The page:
Engineering and Technology
January 19, 2023
min read

How we reduced request latency with Cloud Profiler

How Mercari reduced request latency by 15% with Cloud Profiler

The events of 2020 have accelerated ecommerce, increasing demand for and traffic on online marketplaces. Analyst eMarketer predicts that ecommerce sales in the United States will grow 18% in 2020, against an overall fall in total retail sales of 10.5% for the year. Likewise, our business — Japan-headquartered consumer-to-consumer marketplace Mercari Inc — is growing rapidly. In the United States alone, we have seen 74% year-on-year growth in monthly average users to 3.4 million. A big part of our success are our robust payment and deposit systems and AI-based fraud monitoring, which enable sellers to list items for purchase and buyers to complete transactions safely.

Mercari started as a monolithic application but as complexity grew we decided to transition to a microservices architecture. And through it all, tools like Cloud Profiler and Cloud Trace helped us track down performance problems in our code, significantly improving latency.

A microservices menagerie

Today, we run 80+ microservices on Google Cloud with a mix of languages including Go, Python, JavaScript and Java. To deliver this new architecture, we created a gateway-like microservice to route traffic from soon-to-be migrated monolithic service to the Google Cloud microservices, which delivers a range of features.

After creating several microservices, we identified common requirements and created a template to accelerate their development. These common requirements included:

Before the change

After the change

These two Cloud Profiler views show the CPU time of the call stack increased from 457 milliseconds to 904 milliseconds, with most of the delta attributable to the _UserStats_SellerCancelStats_Handler function. But because other functions also saw variations in their CPU consumption, and because calls occurred in parallel, we found it difficult to identify the cause of latency increases. The fact that this function call was necessary meant we could not remove the entire function.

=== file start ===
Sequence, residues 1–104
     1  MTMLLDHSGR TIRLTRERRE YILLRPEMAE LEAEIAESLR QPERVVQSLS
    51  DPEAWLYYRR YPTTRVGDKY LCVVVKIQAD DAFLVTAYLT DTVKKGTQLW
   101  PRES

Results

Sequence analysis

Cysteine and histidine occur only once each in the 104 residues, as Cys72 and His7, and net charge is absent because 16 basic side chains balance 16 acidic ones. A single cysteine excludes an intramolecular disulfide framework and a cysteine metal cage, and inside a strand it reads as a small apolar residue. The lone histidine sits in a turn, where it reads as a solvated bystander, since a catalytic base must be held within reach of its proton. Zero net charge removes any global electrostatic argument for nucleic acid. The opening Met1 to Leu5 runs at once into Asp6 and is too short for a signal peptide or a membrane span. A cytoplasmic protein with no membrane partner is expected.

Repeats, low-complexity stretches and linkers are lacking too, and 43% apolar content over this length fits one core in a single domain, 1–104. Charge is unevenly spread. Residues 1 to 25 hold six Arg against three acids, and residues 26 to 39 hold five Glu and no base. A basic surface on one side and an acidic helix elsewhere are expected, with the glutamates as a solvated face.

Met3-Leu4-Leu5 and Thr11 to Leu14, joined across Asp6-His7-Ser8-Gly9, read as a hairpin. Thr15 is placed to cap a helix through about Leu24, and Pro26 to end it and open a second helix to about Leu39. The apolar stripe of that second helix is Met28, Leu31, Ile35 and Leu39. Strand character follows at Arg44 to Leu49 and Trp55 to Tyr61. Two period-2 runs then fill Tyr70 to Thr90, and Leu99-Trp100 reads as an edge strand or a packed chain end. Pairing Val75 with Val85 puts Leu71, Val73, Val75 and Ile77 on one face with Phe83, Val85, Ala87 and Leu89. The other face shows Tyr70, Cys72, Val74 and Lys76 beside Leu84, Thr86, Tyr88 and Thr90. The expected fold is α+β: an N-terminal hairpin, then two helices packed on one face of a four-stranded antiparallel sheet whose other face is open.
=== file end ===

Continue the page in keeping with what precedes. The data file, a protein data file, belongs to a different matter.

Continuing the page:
We checked Cloud Trace and confirmed the function call had increased overall latency on some requests, similar to below:

We analyzed the service with Cloud Profiler and identified hot spots that were contributing to the increase in CPU time consumption. We optimized these hot functions, deployed the new code, used Cloud Profiler to verify that the changes had the desired effect of reducing the CPU time. Doing so, we were able to improve latency by 10% to 15%!

Simplifying the DevOps experience

Before adopting Cloud Profiler, profiling production services was a tedious and manual undertaking involving recompiling with debug flags; deployment to production environments, and using disparate tools to collect profiles and perform analysis. Containerization only increased this complexity, further reducing developer productivity.

Cloud Profiler enables us to continuously profile production environments with small and simple code changes, replacing the tedious work previously required to set up environments for performance analysis. Low overhead continuous profiling with Cloud Profiler helps us react swiftly to changes in service performance by root causing and resolving issues quickly.

Further, tools such as Cloud Trace and Cloud Profiler require minimal effort to setup and provide a consistent DevOps experience for our service owners. This is particularly important as we grow in the United States and elsewhere. Without Google Cloud, monitoring, debugging and profiling across production environments that feature a mix of languages, technology stacks, frameworks and containers would be extremely challenging and time-consuming. The release of new features and experiences in tools such as Cloud Profiler make us glad we chose Google Cloud as our primary cloud platform. We will continue to work with new features and provide feedback to Google Cloud, so it can continue to provide a better service to users.